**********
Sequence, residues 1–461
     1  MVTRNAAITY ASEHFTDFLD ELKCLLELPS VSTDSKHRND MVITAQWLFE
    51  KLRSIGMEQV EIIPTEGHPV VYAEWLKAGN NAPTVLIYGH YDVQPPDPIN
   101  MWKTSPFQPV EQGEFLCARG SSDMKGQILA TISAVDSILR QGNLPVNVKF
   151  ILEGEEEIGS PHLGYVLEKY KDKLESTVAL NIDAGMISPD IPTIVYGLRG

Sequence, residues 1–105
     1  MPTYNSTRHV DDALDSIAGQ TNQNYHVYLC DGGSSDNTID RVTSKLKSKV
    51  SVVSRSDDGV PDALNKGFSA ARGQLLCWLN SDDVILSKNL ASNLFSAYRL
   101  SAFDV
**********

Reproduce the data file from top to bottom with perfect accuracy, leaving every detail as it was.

Sequence, residues 1–461
     1  MVTRNAAITY ASEHFTDFLD ELKCLLELPS VSTDSKHRND MVITAQWLFE
    51  KLRSIGMEQV EIIPTEGHPV VYAEWLKAGN NAPTVLIYGH YDVQPPDPIN
   101  MWKTSPFQPV EQGEFLCARG SSDMKGQILA TISAVDSILR QGNLPVNVKF
   151  ILEGEEEIGS PHLGYVLEKY KDKLESTVAL NIDAGMISPD IPTIVYGLRG

Sequence, residues 1–105
     1  MPTYNSTRHV DDALDSIAGQ TNQNYHVYLC DGGSSDNTID RVTSKLKSKV
    51  SVVSRSDDGV PDALNKGFSA ARGQLLCWLN SDDVILSKNL ASNLFSAYRL
   101  SAFDV